The King’s College baseball team collected blankets to distribute to local nursing homes, assisted living facilities, retirement communities, and hospitals as part of their annual “Operation Stay Warm” service project. The team collected donations of new or gently used blankets at the main desk of the Scandlon Gymnasium through November 14.  The project aimed to help seniors stay warm during the cold winter months.

In an area where, according to the U.S. Census Bureau, 16.2% of the population is comprised of senior citizens, this project is especially important.

Team captain John Wickiser explained that this donation drive “is for elders who may not have a family to buy them blankets or for those who cannot afford them.”

The baseball team has been participating in “Operation Stay Warm” for a number of years.  Both Wickiser and co-captain Christian Pack stated that the project has been going on as long as they have been at King’s.

According to Wickiser, Coach Gerald  Greeley chose the annual project “because it is a great way help seniors.”

Pack also added that this particular project is very important to the team.

“It is an extremely caring thing to do, and to give back to the community. It displays that playing collegiate baseball isn’t our main priority,” Pack said.

The King’s baseball team is no stranger to service.  Last year the team won the Leo Legacy Team Award for combined success in competition, academics, and community service.

Although “Operation Stay Warm” ended as the semester drew to a close, both captains look forward to the spring semester in which the team plans to continue their annual work with the national program, the Jared Box Project.  This project involves creating “Jared boxes” which are, according to the project’s mission statement, “plastic storage box[es] filled with small gifts, toys, games, and fun activities… that provide a special diversion for young patients in emergency rooms, patient rooms, surgical centers, and clinics as they receive chemotherapy and other medical treatments.”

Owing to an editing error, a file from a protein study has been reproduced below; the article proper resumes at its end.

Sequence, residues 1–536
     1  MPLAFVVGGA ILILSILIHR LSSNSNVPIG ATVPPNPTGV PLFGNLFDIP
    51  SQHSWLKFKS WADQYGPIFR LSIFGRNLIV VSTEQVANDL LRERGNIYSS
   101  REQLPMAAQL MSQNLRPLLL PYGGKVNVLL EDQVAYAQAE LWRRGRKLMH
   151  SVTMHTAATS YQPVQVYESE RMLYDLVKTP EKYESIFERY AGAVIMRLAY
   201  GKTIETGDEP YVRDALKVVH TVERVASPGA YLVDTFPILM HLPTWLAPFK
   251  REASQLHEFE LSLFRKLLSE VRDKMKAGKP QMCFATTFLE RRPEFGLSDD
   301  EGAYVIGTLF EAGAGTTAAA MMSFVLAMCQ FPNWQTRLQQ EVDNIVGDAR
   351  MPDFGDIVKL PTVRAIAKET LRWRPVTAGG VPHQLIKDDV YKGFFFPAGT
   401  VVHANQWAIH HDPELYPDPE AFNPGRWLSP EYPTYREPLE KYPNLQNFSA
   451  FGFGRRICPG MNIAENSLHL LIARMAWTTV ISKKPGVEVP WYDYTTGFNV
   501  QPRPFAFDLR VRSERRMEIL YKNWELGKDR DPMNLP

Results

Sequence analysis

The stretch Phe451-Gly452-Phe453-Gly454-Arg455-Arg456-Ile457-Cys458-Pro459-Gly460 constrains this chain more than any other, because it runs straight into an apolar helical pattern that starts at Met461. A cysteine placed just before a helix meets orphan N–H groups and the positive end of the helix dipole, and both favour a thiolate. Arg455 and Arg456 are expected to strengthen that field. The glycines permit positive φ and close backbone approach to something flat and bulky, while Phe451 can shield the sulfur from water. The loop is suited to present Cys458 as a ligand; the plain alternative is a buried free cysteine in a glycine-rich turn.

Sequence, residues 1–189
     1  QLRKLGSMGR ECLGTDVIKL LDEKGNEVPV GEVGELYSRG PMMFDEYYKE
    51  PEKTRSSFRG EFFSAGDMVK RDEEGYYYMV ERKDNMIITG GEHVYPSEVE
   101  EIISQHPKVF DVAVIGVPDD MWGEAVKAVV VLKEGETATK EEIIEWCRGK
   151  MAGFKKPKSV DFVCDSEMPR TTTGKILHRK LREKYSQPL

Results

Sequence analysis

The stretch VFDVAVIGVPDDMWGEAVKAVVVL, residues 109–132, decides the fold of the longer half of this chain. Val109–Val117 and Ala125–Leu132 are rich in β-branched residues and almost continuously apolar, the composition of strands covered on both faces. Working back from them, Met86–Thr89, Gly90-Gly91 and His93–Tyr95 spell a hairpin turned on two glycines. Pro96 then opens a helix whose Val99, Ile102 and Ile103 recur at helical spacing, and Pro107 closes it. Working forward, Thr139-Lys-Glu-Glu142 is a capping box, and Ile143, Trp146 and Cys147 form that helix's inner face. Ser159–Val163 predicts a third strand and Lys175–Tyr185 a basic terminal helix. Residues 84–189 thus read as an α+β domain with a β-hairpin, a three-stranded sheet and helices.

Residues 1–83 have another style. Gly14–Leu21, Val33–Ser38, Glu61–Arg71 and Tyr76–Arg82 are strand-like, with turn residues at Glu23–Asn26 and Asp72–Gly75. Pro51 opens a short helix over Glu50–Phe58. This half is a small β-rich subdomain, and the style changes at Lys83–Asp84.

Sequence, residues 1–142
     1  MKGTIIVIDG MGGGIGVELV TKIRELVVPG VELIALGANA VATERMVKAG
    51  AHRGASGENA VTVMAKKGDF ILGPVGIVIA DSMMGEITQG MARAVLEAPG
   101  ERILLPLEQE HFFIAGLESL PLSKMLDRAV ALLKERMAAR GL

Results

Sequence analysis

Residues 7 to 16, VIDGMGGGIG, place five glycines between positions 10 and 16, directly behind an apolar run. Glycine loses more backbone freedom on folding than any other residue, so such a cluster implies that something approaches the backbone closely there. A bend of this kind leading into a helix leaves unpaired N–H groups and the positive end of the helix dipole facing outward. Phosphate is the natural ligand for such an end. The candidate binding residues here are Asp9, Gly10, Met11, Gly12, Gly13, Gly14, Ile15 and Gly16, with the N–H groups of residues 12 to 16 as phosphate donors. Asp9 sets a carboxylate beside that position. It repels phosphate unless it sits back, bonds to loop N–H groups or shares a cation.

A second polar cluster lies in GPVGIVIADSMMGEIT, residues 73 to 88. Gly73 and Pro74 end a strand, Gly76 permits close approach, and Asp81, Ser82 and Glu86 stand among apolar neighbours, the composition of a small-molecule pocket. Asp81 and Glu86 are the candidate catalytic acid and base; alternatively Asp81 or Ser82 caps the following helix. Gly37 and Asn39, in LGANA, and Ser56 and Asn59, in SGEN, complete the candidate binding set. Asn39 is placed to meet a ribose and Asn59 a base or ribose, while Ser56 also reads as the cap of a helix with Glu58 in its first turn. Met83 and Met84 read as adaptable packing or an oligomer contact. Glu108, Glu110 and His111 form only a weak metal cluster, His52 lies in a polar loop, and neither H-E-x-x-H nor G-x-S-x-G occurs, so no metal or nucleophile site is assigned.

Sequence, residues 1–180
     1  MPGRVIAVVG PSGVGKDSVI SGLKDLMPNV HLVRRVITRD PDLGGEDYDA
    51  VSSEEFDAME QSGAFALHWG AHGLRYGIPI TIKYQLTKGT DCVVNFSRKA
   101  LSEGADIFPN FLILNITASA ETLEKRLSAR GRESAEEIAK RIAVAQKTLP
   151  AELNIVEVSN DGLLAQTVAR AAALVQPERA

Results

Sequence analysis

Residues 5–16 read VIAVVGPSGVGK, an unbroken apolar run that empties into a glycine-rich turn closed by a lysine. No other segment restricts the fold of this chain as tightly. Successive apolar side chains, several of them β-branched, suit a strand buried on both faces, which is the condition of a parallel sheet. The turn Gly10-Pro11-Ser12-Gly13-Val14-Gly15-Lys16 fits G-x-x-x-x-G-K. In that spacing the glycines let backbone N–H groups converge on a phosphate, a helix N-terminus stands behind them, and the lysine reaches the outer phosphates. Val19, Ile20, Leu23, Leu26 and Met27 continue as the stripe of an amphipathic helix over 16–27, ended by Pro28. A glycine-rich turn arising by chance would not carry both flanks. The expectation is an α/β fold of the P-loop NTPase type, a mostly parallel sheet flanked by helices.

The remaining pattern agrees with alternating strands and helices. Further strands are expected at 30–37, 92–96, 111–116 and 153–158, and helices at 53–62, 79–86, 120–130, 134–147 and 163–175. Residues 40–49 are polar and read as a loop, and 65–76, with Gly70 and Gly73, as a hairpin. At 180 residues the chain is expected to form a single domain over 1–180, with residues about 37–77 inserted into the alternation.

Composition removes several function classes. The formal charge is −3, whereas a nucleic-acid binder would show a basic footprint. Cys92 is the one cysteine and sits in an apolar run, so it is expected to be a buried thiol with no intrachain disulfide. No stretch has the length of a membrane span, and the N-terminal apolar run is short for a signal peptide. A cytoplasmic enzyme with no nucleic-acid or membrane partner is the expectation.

Last year the baseball team was featured on two local news stations for donating a record-breaking 1,957 boxes to chronically ill children at the local Geisinger hospitals.  As of 2017, the baseball team has delivered over 10,000 boxes to local children in the past eight years and hopes to continue to give back to the community through this project.

Overall, the baseball team recognizes that service is part of the foundation of King’s College.  To the baseball team, these projects are more than just service.

“We [the team] enjoy involving ourselves with the community and being a key aspect for other people’s happiness,” Pack said.

“The team is extremely thankful to be able to give back to the community and we find it rewarding to be able to help others in need,” Wickiser noted.